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Power Basic

[Power Basic Web Site]

In this example it is assumed mulebray.dll is located in the same folder as the caller code (recommended) or in some other standard location where Windows can find it. If not you may have to prepend the path to the dll filename.

These examples have been tested with PBWin80. They should also work with Power Basic Windows Console Compiler with minor changes (remove Dialog Box Code and substitute PRINT for the MSGBOX).

The code shows how to call the braymain function in the Bray DLL using Power Basic. This language has native support for ASCIIZ strings and pointers which make the whole process simple.

Before the braymain function can be used Power Basic has to be told its location and the calling parameters to use. This is done by a function declaration like this.

DECLARE FUNCTION braymain LIB "mulebray.dll" ALIAS "braymain" _
    (BYVAL braycmd AS LONG, braystring AS ASCIIZ) AS DWORD      

After the function is declared the braymain function can be called directly.

Here is a complete program listing of a Windows application which can be cut and pasted direct into the Power Basic IDE.

It consists of a single button on a Form. When the button is clicked the Bray command 0 is sent to the DLL. The DLL responds by sending back the DLL identification code (version number) which is displayed in a message box. This command does not need a string parameter to be sent so braystring is sent as a null.

#COMPILE EXE
#DIM ALL
#INCLUDE "WIN32API.INC"

DECLARE FUNCTION braymain LIB "mulebray.dll" ALIAS "braymain" _
    (BYVAL braycmd AS LONG, braystring AS ASCIIZ) AS DWORD

$AppTitle           = "Mulebray test"
%IDC_SEND           = 100

CALLBACK FUNCTION Test_Callback () AS LONG
    LOCAL braycmd       AS LONG               'braymain command parameter
    LOCAL braystring    AS ASCIIZ * 512       'braymain string parameter
    LOCAL brayretstring AS ASCIIZ * 512       'braymain return string
    LOCAL retval        AS ASCIIZ POINTER     'pointer braymain return string
    '-----------------------------------------------------------------
    braycmd=0                   'Zero command returns the DLL version number
    braystring=""               'no string parameter is needed for zero command
    retval = braymain(braycmd, braystring)    'get the pointer to the ASCIIZ
    brayretstring=@retval                     'get the string using the pointer
    'brayretstring = PEEK$(ASCIIZ,retval,512) 'another way to get the return string

    MSGBOX brayretstring                      'show the string in a message box
    '-----------------------------------------------------------------
    FUNCTION = %TRUE
END FUNCTION

FUNCTION PBMAIN () AS LONG
    #REGISTER NONE
    LOCAL hDlg        AS DWORD
    ' Create a modal dialog box
    DIALOG NEW 0, $AppTitle,,, 80, 50, %WS_POPUP OR %WS_VISIBLE OR _
                          %WS_CLIPCHILDREN OR %WS_CAPTION OR %WS_SYSMENU OR _
                           %WS_MINIMIZEBOX, 0 TO hDlg
    ' Add a single button
    CONTROL ADD BUTTON,   hDlg, %IDC_SEND, "Test", 13, 10, 50, 14, _
                          %WS_GROUP OR %WS_TABSTOP OR %BS_DEFPUSHBUTTON _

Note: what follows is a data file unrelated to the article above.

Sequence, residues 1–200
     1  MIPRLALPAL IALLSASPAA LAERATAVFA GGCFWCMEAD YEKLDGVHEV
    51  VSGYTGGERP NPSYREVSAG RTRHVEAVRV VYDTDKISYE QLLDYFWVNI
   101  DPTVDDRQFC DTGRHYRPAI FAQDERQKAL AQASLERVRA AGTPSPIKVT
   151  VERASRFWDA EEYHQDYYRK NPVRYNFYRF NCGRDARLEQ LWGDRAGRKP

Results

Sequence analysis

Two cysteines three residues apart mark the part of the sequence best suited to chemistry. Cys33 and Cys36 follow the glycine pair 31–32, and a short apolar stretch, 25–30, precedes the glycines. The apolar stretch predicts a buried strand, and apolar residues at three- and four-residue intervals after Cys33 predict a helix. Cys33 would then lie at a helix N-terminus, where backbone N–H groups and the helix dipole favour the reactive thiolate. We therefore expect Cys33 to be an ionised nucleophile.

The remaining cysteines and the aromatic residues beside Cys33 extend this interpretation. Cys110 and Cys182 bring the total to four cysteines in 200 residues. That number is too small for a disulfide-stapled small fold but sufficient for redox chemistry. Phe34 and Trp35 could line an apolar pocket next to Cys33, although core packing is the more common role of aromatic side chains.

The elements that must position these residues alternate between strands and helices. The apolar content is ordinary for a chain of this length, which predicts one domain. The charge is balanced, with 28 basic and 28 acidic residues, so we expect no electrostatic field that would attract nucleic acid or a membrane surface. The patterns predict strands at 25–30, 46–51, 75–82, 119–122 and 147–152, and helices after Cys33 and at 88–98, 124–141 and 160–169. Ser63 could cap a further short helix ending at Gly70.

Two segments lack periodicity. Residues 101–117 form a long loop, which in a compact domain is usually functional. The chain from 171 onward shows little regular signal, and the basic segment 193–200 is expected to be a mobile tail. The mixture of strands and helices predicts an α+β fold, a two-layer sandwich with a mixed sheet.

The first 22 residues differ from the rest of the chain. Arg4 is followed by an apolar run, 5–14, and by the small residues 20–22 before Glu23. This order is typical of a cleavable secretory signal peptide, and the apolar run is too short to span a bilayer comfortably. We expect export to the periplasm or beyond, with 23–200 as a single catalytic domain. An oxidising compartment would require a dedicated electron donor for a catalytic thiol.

CALL Test_Callback

    DIALOG SHOW MODAL hDlg
END FUNCTION
                   

You can use this code framework to experiment with sending Bray commands to the DLL to control the Mule (and through it a secondary slave computer). In the section between the dotted lines just change value of braycmd and give a string value to braystring when it is needed.

A simple 'Hello World!' example is shown below.

First you need to tell Bray which port the Mule is connected to. This only needs to be done once. The DLL retains the information until it is unloaded from memory when the program ends.

Now you can send Bray commands direct to the DLL by loading braycmd with the value 1 and putting the Line of Bray in braystring. The DLL parses and executes the content of braystring. The example shows how to create keystrokes for Hello World! on the remote computer. Remember that Bray needs ASCII strings to be surrounded by double quotes. To do this use the built-in string constant $DQ and the concatenation operator to attach it to either end of the string.

This is a very basic example. It works but if you run it a couple of times you will get an error because the code attempts to reopen an open port (you opened it on the previous run). Real applications would need to check for error conditions and provide feedback to the user. More comprehensive Bray examples can be found on the Further Bray DLL Examples page.

Further Bray DLL Examples

Table of all the DLL commands and parameter values


'In this example we retrieve the return string by combining two lines
'   of code used earlier into a single expression. This has the advantage
'   that the intermediate variable retval is not needed.
'   Downside - the code is harder to understand at a glance

braycmd = 20                        'Command to tell Bray which COM port to use
braystring = "COM1"                 'Assumes the Mule is connected to COM1
brayretstring = PEEK$(ASCIIZ,(braymain(braycmd,braystring)),512)
' A real application would probably check brayretstring for an error here.

braycmd = 1                         'parse and execute Bray
'Use built-in string constant to surround the Bray ASCII string with Dquotes
braystring = $DQ+"Hello World!{ret}"+$DQ    'line of Bray.
brayretstring = PEEK$(ASCIIZ,(braymain(braycmd,braystring)),512)


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